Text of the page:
Government rejects calls for more focus on play in new qualifications
Friday, July 12, 2013
Despite a call for more emphasis on play-based learning from many respondents to the consultation on Early Years Educator qualifications, the Government has not amended the criteria.
The details of the criteria for Early Years Educators and Early Years Teachers, set out yesterday by the National College of Teaching and Leadership, do not include an explicit reference to play-based learning, despite the fact that learning through play is a key tenet of the EYFS and high-quality early years practice.
The sole mention of the word play is in standard 2.1 which states that Early Years Educator qualifications must cover planning and leading activities, 'purposeful play opportunities and educational programmes which include the learning and development areas of current early education requirements.'
The Pre-School Learning Alliance said it had grave concerns about the omission.
Chief executive Neil Leitch said, ‘We are dismayed that the Government has chosen to ignore the advice of qualified and experienced early years and childcare practitioners and makes no explicit reference to learning through play in both of these qualifications.
‘In our consultation responses to the Government we stressed the importance of referring to learning through play in these qualifications as this is the cornerstone of high-quality early years provision in this country. That the Government has chosen to ignore such a key foundation of early years practice is a grave concern.’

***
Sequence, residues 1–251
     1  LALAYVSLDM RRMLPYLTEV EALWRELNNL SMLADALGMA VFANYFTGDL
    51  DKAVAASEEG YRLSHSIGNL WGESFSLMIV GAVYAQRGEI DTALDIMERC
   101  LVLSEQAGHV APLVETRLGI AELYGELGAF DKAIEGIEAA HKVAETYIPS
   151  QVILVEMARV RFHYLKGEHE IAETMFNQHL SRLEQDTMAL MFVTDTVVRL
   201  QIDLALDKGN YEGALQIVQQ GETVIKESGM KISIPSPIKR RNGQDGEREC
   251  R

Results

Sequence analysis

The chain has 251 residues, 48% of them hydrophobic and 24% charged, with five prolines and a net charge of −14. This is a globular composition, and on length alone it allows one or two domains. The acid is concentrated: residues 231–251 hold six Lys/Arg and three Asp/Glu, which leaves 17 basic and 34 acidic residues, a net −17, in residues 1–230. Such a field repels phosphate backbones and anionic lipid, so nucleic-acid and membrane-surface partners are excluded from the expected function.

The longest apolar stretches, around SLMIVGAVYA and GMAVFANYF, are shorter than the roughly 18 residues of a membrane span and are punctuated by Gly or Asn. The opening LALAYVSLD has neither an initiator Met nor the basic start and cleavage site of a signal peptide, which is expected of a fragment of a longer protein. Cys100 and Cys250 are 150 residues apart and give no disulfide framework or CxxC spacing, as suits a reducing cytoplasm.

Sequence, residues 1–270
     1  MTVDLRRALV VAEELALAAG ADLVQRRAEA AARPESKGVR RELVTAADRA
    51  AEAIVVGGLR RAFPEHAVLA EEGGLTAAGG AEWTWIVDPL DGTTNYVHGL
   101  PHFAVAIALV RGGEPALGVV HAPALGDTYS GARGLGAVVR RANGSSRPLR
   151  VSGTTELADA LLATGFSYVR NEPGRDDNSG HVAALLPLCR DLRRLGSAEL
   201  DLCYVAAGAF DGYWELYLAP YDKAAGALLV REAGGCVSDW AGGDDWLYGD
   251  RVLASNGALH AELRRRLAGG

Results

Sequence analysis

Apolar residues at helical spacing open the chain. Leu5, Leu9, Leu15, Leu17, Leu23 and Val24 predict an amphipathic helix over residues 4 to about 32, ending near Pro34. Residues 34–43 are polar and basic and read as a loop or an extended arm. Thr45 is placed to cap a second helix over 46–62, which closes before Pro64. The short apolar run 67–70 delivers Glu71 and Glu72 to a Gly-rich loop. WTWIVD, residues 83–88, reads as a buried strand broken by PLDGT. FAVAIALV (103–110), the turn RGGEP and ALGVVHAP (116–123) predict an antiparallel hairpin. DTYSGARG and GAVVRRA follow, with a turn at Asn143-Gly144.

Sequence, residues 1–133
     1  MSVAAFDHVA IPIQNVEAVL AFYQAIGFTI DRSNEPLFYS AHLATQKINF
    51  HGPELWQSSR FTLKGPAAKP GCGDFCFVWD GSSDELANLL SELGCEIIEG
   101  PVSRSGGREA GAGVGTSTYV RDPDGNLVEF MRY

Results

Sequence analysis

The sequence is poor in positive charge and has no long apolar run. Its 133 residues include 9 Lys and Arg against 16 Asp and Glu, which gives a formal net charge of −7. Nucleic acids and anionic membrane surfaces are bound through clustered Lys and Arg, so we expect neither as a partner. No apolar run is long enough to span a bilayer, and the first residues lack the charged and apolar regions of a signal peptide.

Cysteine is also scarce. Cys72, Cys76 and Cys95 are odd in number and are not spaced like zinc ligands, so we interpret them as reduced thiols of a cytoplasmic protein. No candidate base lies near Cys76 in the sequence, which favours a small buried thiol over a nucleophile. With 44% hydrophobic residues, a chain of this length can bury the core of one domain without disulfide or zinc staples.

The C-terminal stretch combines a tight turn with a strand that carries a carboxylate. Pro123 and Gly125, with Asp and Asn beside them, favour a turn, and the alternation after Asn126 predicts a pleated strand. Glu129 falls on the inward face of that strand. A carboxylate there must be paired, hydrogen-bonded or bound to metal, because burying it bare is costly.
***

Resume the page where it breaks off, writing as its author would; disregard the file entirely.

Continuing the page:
The Government’s response to the consultation on the Early Years Educator criteria, published alongside the standards, reveals that just over a third of respondents ‘felt that there was a lack of reference to play-based learning and its fundamental importance in children’s early development.’
But the report said, ‘We have not amended the Early Years Educator criteria to specifically include play. The criteria are designed to allow for a range of pedagogical approaches. This gives professionals the freedom and flexibility to deploy a range of methods and to decide how best to structure children’s activities throughout the day. We know that play is essential for children’s development, and is an integral part of how children learn to explore, think about problems and relate to others.’
It adds that Early Years Educators will be required to understand and deliver the EYFS, which is ‘clear that practitioners must deliver activities for children through planned, purposeful play.’
The Early Years Educator qualification, which is set at Level 3, also makes no explicit reference to working with children with special educational needs, nor to the rights of the child.
But Mr Leitch added, ‘We are glad to note that the qualification now includes requirements about diversity and equality, which were previously absent, and that the role of EYEs is to promote young children’s speech, language and communication development rather than direct development in these areas.’